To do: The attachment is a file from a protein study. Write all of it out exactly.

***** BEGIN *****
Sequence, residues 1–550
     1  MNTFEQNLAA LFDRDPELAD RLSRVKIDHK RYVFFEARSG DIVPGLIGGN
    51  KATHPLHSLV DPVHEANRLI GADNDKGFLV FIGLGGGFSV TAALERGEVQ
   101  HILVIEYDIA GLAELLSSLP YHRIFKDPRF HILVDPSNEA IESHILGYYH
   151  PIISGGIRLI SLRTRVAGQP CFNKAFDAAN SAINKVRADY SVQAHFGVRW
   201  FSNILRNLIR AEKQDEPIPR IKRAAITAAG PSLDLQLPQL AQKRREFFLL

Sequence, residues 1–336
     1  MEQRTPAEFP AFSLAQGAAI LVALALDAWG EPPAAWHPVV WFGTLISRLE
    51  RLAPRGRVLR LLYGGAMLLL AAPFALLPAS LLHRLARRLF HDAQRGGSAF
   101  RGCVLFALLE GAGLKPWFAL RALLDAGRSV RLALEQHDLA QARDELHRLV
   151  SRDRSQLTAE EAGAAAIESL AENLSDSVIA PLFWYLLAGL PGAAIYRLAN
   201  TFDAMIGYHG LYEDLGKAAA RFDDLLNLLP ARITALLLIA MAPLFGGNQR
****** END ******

Sequence, residues 1–550
     1  MNTFEQNLAA LFDRDPELAD RLSRVKIDHK RYVFFEARSG DIVPGLIGGN
    51  KATHPLHSLV DPVHEANRLI GADNDKGFLV FIGLGGGFSV TAALERGEVQ
   101  HILVIEYDIA GLAELLSSLP YHRIFKDPRF HILVDPSNEA IESHILGYYH
   151  PIISGGIRLI SLRTRVAGQP CFNKAFDAAN SAINKVRADY SVQAHFGVRW
   201  FSNILRNLIR AEKQDEPIPR IKRAAITAAG PSLDLQLPQL AQKRREFFLL

Sequence, residues 1–336
     1  MEQRTPAEFP AFSLAQGAAI LVALALDAWG EPPAAWHPVV WFGTLISRLE
    51  RLAPRGRVLR LLYGGAMLLL AAPFALLPAS LLHRLARRLF HDAQRGGSAF
   101  RGCVLFALLE GAGLKPWFAL RALLDAGRSV RLALEQHDLA QARDELHRLV
   151  SRDRSQLTAE EAGAAAIESL AENLSDSVIA PLFWYLLAGL PGAAIYRLAN
   201  TFDAMIGYHG LYEDLGKAAA RFDDLLNLLP ARITALLLIA MAPLFGGNQR